Stanford University’s Vaden Health Center has announced that its Dependent Health Insurance Plan (Dependent Plan) – that provides coverage for dependent spouses and children – would experience an increase in premium costs for the 2019-20 academic year.
The increase, which would be between 12 and 15 percent higher than the previous school year, depending on how many dependents a student has, would make an increase of approximately 80 percent.
Stanford graduate students have expressed criticisms of the increased costs intensify existing affordability and mental health challenges that the graduate students face, and also contribute to a less diverse campus.
“It’s unethical,” said Justine Modica, a fourth-year history Ph.D. student and a member of the Stanford Solidarity Network (SSN). “How is that okay for folks with families to be paying that for their kids, when their stipends aren’t going up at anywhere near the same rate?”
Several graduate students, including Modica and representatives of the Student Parent Alliance and representatives of SSN, recently met with vice provost for student affairs Susie Brubaker-Cole, vice provost for graduate education Patricia Gumport and graduate life office director Ken Hsu to voice their concerns about the increases.
Many students gave personal testimonials about health care and financial challenges. The graduate students who attended the meeting urged for a reversal of the increase in premium costs in addition to the creation of a long-term plan to fully subsidize health care coverage for children and spouses who are unable to receive coverage through their employer, according to The Stanford Daily.
According to the health center’s website, the increase in premium costs were created as a result of declining numbers of enrollees. Cardinal care, the Stanford-sponsored health insurance option for students, has approximately 8,000 enrollees, whereas the Dependent Plan has 389, according to data from the 2016-17 academic year, the most recent data available.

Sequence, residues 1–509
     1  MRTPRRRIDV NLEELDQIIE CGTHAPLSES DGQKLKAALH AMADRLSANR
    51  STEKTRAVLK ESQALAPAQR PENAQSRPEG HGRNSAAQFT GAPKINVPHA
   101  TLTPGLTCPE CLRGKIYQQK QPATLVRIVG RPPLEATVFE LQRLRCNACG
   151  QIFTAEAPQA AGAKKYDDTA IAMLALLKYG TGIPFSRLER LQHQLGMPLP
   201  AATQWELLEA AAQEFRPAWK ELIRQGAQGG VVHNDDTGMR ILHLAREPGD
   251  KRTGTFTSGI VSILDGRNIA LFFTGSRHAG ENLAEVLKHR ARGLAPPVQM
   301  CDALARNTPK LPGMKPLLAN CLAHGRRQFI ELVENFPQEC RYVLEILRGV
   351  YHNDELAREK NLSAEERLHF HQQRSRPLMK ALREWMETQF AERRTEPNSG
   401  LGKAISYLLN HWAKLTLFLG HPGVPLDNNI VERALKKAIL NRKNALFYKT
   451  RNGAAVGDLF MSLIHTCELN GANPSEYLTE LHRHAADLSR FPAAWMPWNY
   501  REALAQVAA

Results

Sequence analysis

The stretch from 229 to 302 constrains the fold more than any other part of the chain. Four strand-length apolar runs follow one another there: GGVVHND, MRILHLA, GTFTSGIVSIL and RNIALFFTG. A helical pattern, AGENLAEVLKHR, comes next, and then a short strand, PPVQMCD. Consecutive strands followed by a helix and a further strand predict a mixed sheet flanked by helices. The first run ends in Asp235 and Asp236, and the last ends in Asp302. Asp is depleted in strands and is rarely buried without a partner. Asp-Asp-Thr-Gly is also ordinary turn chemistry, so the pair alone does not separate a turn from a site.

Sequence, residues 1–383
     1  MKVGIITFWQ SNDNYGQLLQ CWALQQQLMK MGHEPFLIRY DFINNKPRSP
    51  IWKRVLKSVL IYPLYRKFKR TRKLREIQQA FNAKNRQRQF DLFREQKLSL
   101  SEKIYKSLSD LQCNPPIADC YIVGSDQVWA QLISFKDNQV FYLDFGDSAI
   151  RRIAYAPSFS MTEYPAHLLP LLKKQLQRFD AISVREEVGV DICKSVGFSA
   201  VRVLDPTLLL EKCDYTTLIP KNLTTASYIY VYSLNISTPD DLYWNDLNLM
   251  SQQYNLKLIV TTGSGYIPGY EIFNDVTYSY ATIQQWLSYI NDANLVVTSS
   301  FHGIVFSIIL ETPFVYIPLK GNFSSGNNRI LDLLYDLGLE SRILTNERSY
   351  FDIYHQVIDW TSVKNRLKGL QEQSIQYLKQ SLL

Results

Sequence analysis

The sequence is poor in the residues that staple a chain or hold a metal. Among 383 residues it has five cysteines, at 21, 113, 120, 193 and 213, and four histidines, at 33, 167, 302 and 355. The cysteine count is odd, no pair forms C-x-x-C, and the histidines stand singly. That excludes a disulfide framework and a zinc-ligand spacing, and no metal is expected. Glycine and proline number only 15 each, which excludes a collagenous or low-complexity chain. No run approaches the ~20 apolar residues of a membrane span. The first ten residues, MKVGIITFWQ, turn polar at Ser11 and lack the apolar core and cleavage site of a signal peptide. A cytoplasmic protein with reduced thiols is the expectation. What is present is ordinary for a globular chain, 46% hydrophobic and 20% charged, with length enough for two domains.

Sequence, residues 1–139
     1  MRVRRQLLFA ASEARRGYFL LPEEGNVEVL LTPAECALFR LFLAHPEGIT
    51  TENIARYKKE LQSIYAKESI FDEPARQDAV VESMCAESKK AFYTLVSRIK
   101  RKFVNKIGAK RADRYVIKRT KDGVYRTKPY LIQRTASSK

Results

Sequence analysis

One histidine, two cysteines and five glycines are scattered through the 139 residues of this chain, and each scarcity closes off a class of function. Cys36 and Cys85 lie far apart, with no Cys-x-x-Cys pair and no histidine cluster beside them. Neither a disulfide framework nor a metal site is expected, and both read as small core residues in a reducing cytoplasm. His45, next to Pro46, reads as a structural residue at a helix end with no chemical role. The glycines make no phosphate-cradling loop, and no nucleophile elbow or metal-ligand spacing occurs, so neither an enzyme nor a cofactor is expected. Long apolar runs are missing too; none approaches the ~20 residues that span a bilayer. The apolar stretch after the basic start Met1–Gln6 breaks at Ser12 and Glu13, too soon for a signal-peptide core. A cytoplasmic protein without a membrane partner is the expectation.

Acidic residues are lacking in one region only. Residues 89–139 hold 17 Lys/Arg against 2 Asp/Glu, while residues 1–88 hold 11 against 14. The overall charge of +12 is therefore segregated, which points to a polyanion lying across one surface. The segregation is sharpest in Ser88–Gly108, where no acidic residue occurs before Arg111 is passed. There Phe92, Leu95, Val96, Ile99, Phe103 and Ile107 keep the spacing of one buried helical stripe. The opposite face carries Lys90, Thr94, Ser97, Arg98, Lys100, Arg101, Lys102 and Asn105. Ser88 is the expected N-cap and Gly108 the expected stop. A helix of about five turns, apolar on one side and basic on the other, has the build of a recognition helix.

Under the Dependent Plan, there is no proof of intentional discrimination against graduate students with dependents as a result of potential higher risk. However, Cardinal Care has seen consistently smaller increases in premium costs than the Dependent Plan. For the upcoming school year, premiums under Cardinal care will increase by only 7.4 percent, whereas the Dependent Plan will increase between 1202 and 15.05 percent.
Brubaker-Cole and Gumport said they are currently working to soften the high costs of the Dependent Plan, stating that the university has acted on several recommendations made in a report from the Student Families Working Advisory Group, and referred to aids given by the university that have prevented additional increases in the plan’s costs.
“We continue to be concerned that the current dependent plan is not sustainable,” Brubaker-Cole and Gumport said in an email to The Stanford Daily. “We are looking for alternatives that are more affordable.”